Your in the ER for an emergency and your home is that everything is clean. A dirty bedrail or countertop can put a patient at risk of infection while they are seeking medical help. This is what you don’t want your patients to worry about. The number one goal of healthcare professionals is to make infection prevention a top priority. However, when you are in the ER treating patients even with your best efforts things can get overlooked from a lack of training or limited resources.
OUTPATIENT SURGERY CENTERS AND THE EMERGENCY ROOM
Unlike the rest of the hospital where patients are going to stay overnight, the E.R. and outpatient surgery centers won’t have patients in their care for very long. The patient comes in the for their procedure and then leaves to the comfort of their home to recover. This lowers costs for patients. More and more patients are opting to receive outpatient services than ever. More than three-quarters of all U.S. operations are performed as outpatient services says the Centers for Disease Control and Prevention (CDC).
DEVELOPING A CLEANING PLAN
With and increase in outpatient services across the nation there comes an increased complexity of procedures performed and an increased risk for transmission of infections throughout emergency rooms and outpatient centers. These two areas of the hospital are critical for developing a cleaning program.
While every building is unique, there are key areas you should pay more attention to in your cleaning duties.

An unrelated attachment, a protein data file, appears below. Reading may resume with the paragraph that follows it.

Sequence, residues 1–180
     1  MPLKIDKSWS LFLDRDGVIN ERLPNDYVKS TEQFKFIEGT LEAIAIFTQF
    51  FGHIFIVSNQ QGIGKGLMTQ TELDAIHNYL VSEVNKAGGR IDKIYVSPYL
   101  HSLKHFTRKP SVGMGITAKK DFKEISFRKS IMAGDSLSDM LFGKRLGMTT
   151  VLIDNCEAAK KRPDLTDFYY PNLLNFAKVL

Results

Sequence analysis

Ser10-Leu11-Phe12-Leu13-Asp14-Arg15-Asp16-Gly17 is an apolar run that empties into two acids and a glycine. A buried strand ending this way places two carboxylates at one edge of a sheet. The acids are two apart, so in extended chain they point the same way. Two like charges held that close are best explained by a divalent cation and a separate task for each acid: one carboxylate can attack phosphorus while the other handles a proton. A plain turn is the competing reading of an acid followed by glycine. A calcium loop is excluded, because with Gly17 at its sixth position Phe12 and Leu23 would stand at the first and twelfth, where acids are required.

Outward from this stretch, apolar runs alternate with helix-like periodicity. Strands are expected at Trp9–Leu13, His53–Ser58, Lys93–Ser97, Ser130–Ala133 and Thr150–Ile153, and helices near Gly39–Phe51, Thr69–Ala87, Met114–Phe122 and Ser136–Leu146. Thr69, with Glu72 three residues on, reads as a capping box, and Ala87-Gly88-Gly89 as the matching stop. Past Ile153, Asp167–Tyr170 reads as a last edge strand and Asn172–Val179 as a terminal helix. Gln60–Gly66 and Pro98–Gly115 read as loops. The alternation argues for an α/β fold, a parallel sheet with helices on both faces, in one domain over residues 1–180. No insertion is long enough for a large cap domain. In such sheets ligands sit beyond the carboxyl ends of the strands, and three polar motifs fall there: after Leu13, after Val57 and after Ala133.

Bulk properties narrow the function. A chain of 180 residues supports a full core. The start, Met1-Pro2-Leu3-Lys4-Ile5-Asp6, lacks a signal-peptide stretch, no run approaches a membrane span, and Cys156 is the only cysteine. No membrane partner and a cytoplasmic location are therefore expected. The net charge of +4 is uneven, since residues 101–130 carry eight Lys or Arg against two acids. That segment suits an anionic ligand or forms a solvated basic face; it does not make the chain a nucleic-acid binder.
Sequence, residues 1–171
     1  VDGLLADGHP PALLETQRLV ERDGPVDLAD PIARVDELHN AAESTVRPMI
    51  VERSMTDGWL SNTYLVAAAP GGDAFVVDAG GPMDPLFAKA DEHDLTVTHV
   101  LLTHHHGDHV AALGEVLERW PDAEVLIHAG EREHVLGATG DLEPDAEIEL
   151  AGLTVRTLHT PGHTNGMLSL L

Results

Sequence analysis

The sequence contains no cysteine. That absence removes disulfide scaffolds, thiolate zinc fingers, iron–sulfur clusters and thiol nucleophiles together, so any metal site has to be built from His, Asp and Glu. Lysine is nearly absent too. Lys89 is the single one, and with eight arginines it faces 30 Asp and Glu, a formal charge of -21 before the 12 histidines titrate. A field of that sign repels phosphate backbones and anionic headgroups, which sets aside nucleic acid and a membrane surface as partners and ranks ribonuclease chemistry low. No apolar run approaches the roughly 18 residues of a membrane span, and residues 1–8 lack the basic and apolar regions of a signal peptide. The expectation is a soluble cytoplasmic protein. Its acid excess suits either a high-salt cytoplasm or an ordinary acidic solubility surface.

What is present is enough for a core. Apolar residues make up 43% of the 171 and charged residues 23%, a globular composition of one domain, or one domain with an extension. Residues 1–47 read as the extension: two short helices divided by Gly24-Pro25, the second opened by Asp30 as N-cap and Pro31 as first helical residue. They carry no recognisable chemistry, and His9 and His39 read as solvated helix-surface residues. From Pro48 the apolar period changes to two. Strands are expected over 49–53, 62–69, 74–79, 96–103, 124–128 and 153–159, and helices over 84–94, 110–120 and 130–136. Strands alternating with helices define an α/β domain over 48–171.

WAITING ROOMS AND RECEPTION AREAS
To reduce pathogens that can spread across surfaces and improve first impressions with patients pay special attention when cleaning waiting rooms and reception areas. Cleaning duties should include:
- Doorknobs, handles, seats, glass on doors and seats. These are high tough areas that should be wiped down and disinfected multiple times throughout the day to reduce the spread on pathogens.
- Carpets and floors: Vacuum and mop all floors that can and will trap allergens, germs
anddust that will affect patients waiting to be treated.
- Dusty Surfaces: Wipe down window ledges, blinds, furniture
andpotted plants. These are places that often get overlooked when cleaning.
With patients quickly moving in and out of rooms the need for thorough cleaning in between patients is critical. All high touch areas in the patient room should be disinfected and cleaned with EPA hospital grade cleaning products. You don’t want to leave any germs behind.
- Bedside tables
- TV Remotes
- Door and cabinet handles
- Light switches
- Nurse call devices
- Privacy curtains
- Clinical equipment
While you can’t completely prevent the spread of pathogens, you can certainly do your part to keep them reduced. Contact Grimebusters to discover how we can help you with a cleaning plan for your outpatient center.
When it's time to look for a new cleaning service it may seem like a daunting task. Our FREE pricing guide will help you to determine what a cleaning service should cost for your facility. Here's what's in our guide:
- What factors determine costs
- How to request a fair cleaning quote
- How to compare hidden cost in cleaning
- Rooms and Square footage for cleaning